Ocean Drive bustled with activity in the weeks leading up to Christmas. If you popped over for a bit of shopping on a weekend morning, you more than likely had to circle the block a time or two to find a parking space.
Last year at this time, most folks would have grumbled under their breath about that inconvenience. But not this year.
This year, parking problems are a welcome sign that things are picking up, especially for vendors at the weekly Saturday morning Farmers Market Oceanside and the twice monthly Art in the Park Fine Arts & Crafts Show on Sundays.
When the Farmers Market shut down in March, along with much of the rest of the local economy, vendors adapted and offered pickup service at the Riverside Theatre “loop,” with customers ordering online and then driving through to get their produce.
When the theater reopened, the market stopped offering drive-through pickup and shifted to home delivery, allowing customers to place orders on Thursdays for Saturday delivery – a service that is still available.
“We’re grateful to the community for supporting us and keeping the vendors going,” said Farmers Market manager Brittany Swartz. “A lot of those businesses are only still standing because people continued to purchase through the delivery and pickup service.”
Since reopening on Ocean Drive in June, the market has gradually returned to nearly pre-COVID size, according to Swartz, with more and more customers returning to the outdoor venue by Humiston Park to shop in the sea air.
Folks seem to feel more comfortable shopping outside, Swartz said. “Our vendors are required to wear masks, and we request that shoppers wear them as well. The Farmers Market is a community of small businesses at the end of the day.”
While the market has bounced back and is packed many Saturday mornings, Swartz said foot traffic and sales have fluctuated somewhat in these uncertain times. “The traffic is up and down. It’s hard to say if that has anything to do with COVID or if it’s the election year.”
At the annual Christmas market, for instance, there were people galore, but sales were not robust, according to Swartz. “Despite having tons of foot traffic, vendors said they had a slow day. It seemed like more people came out to look and experience the market but didn’t make purchases.”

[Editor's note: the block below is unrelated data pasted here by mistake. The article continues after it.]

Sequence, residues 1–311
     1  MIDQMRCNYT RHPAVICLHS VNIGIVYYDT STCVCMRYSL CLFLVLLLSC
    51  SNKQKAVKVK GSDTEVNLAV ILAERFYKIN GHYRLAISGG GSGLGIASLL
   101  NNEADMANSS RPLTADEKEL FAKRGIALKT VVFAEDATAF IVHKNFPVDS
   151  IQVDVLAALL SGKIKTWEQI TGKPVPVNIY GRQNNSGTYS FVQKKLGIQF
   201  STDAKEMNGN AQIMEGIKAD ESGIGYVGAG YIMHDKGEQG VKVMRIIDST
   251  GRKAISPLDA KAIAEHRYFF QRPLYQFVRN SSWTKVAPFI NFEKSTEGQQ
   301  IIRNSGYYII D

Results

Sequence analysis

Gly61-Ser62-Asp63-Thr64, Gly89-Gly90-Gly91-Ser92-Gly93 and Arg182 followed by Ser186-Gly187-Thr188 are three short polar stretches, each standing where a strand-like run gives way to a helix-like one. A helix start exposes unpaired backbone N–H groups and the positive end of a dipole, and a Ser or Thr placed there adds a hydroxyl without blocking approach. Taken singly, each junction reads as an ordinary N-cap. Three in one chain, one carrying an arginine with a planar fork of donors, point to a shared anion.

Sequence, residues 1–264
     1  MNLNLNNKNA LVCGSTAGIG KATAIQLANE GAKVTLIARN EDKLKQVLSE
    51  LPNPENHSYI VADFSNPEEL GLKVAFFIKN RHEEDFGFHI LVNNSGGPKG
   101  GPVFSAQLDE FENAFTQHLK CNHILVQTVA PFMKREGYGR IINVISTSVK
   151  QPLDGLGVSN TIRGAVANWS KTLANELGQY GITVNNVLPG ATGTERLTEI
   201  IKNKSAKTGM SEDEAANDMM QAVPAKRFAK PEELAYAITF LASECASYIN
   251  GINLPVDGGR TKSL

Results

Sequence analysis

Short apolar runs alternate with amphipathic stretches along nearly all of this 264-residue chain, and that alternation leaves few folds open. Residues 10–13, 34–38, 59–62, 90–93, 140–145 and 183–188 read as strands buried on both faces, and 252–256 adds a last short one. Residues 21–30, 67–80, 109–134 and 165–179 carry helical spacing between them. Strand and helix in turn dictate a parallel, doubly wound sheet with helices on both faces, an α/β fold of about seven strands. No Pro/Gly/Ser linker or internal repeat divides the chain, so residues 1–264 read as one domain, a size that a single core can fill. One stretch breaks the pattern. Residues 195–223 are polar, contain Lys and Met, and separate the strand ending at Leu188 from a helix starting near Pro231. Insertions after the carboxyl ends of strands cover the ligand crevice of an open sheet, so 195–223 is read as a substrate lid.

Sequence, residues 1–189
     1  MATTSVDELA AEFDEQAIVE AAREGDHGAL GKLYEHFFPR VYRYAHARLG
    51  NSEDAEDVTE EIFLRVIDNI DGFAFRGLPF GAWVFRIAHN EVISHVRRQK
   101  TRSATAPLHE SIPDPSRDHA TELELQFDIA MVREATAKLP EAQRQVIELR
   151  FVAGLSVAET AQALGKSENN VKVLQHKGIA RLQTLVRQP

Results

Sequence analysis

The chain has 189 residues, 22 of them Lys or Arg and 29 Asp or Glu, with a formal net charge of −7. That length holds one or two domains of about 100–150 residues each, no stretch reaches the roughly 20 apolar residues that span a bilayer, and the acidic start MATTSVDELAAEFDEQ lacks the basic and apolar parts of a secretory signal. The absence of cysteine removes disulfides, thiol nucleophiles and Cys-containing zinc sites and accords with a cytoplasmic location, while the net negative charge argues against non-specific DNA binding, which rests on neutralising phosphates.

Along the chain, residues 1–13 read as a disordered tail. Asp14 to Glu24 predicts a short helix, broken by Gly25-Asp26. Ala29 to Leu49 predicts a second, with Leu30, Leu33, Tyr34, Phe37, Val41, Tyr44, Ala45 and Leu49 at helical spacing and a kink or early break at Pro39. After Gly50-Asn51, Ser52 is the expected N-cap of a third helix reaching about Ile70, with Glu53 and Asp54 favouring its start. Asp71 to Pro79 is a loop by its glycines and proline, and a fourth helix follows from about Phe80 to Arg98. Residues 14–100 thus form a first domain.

Several established vendors haven’t returned to the market, whether out of an abundance of caution over health concerns or because they were unable to stay afloat through the shutdown. But Swartz said new vendors have stepped in to fill empty stalls.
The island’s Sunday art shows are back, too, with artists and artisans once again displaying their wares twice monthly along Ocean Drive by Humiston Park.
Art in the Park Fine Arts & Crafts Show provides Vero Beach Art Club members with a venue to showcase and sell their work, including paintings, sculpture, glasswork, ceramics and jewelry.
The artists returned to the wide sidewalk by the park in October, according to Joanne Johnson, event co-chair.
“The crowd has been a little less,” Johnson said, “but all the artists have been selling, so they are doing pretty good.”
Public feedback has been positive, Johnson added. “People were excited that we were there. It’s a positive step in the right direction. We have 25 slots, and in December, we were almost full, with 22 artists.”
Johnson said she expects a full slate of artists to be in attendance from January through April, the traditional busy season for the art show and the Farmers Market.